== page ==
Reminding listeners that Christ is the answer to the “fundamental question … of why [we] are here,” Lamb reminded the audience that, “From the moment of conception, we were in need of a Savior.  So when Jesus told His disciples that they must change and become like little children if they were to get into the Kingdom of Heaven, He meant that they needed to recognize how undeserving they were of the Kingdom and how unable they were to do anything whatsoever to enter it. ‘Become like a child,’ Jesus said, ‘then you will be greatest in the Kingdom of Heaven.’
 
“For, you see, it is for the children that Christ came to open up the Kingdom,” Lamb said.
 
Lamb, who also manned Lutherans For Life’s booth in a conference “Ministry Marketplace” exhibit area, said he especially noticed “connections people were making, and the exchange of ideas and resources.  This happens at all conferences, but seemed particularly valuable at this one.”
 
And he said he was “struck by how skillfully children were used to minister to those who do children’s ministry.  Through song, dance, and short talks, they were more than just cute attractions, but provided meaningful input into the conference.”
 
In addition to the plenary “festive gatherings” for each element of the conference theme and the Ministry Marketplace exhibits and along with other features, the 2008 National LCMS Children’s Ministry Conference also offered:

  • a prayer ministry (with prayer-request cards, a prayer room, and a “Building a House of Prayer” resource for starting such a ministry). 

  • almost 70 workshops, including 17 held before the event opened.

  • mega-sectionals.

  • a “coffee house” for refreshments and networking opportunities.
  • Rev. Bob Riggert, executive assistant for Education, Youth, and Stewardship for the LCMS Iowa District West, served as conference chaplain and Bible study leader. Accompanying him “up front” on more than one occasion were his five grandchildren — ages 2 to 7 — who formed what he said another steering committee member callechild-reading.gifd the “grand choir.”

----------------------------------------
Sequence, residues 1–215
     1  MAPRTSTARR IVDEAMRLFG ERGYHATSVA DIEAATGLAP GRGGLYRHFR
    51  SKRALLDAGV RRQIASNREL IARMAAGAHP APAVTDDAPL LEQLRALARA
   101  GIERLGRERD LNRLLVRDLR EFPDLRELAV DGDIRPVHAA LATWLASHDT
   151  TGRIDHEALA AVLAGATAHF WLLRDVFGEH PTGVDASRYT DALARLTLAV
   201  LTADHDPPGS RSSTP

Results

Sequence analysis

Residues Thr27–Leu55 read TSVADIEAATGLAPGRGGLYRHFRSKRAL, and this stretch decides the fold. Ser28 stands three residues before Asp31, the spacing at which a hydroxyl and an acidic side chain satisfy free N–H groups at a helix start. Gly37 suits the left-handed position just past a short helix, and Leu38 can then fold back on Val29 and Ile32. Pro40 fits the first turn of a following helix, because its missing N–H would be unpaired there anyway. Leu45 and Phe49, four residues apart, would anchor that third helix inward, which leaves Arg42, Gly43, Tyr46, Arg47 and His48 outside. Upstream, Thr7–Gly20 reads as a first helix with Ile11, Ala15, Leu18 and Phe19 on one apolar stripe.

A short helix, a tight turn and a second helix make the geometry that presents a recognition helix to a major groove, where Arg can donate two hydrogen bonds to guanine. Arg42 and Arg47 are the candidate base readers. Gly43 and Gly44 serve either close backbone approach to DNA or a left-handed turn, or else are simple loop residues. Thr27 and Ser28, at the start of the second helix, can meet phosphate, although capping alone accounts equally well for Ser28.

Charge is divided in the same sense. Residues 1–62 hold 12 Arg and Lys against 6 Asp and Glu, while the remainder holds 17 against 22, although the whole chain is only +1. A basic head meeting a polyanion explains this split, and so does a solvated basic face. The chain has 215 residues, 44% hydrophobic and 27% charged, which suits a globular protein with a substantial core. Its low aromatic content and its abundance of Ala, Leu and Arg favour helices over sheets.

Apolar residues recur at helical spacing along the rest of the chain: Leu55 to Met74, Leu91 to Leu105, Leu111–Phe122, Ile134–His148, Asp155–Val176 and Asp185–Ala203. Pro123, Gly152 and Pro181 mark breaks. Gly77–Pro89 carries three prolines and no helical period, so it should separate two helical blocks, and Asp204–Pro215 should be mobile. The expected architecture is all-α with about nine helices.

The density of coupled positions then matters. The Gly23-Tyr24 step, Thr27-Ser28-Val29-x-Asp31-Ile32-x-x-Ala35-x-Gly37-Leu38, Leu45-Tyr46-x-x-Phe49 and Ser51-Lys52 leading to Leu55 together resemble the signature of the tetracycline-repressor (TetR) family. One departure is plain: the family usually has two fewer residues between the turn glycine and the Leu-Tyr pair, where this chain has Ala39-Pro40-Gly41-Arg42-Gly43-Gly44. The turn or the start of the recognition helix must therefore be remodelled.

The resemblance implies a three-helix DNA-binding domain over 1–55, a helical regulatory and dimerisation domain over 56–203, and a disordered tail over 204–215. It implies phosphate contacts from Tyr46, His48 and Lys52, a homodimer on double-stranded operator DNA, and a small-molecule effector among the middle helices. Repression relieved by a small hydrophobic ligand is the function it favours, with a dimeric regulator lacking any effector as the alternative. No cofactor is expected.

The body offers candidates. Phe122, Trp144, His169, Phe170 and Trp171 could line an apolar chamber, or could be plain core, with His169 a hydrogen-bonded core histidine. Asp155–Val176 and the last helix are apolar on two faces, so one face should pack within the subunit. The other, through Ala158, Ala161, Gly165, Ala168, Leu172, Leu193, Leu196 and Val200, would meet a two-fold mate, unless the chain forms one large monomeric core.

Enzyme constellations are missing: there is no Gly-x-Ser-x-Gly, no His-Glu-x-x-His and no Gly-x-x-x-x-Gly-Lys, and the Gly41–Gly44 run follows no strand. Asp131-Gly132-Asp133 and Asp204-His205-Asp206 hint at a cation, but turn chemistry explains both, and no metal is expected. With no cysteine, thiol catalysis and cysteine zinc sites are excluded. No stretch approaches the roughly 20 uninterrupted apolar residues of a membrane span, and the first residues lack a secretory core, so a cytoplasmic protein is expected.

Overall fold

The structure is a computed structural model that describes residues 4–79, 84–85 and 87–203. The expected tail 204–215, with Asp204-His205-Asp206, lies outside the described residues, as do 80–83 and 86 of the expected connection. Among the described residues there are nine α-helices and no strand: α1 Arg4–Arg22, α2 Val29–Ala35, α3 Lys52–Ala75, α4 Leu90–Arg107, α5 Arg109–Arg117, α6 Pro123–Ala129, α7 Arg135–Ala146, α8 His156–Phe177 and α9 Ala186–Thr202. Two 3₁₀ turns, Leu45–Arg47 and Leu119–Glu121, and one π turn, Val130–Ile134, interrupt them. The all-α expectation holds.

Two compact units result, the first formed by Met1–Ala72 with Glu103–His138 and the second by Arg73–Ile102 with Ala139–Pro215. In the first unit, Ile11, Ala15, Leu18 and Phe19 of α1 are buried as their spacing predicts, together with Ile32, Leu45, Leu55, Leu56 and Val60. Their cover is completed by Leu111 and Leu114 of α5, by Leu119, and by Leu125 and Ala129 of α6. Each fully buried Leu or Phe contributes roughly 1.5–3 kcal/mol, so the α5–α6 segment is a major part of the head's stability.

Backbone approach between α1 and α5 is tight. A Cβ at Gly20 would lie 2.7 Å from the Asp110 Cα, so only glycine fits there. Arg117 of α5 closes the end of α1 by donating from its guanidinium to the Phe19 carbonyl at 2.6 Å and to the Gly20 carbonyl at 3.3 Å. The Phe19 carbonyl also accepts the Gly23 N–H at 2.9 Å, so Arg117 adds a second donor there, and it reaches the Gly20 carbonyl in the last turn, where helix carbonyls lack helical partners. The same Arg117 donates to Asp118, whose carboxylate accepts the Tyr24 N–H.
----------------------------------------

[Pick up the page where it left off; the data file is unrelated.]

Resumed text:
“Most churches have at least a few children those ages,” Riggert said.  “Let them sing God’s praises.  Let them share their simple gifts.”
     
    He said he senses a “special spiritual enrichment” as a result of the conference. “The keynoters did a great job of developing the theme, a very intentional prayer ministry led up to and was an integral part of the event.  The participants and worshippers were very responsive.”
     
    Three children interviewed Synod First Vice President William Diekelman at Saturday’s festive gathering, asking him questions they had formed — such as his favorite Bible passage (answer: Rev. 2:10), car, and restaurant, as well as where he grew up and what he did as a boy.
     
    “It made me think like a child, and put me back in my childhood to be able to respond in a matter of moments.  I appreciated that,” Diekelman said.  “And it was interesting to hear what was on their minds.”
     
    He said the convocation “just proved to me all the more that we need to celebrate the incredible leadership we have as a church body at the Synod, district, but especially the congregational level. &nbs

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    The Lutheran Church—Missouri Synod. Content is prepared by LCMS Communications.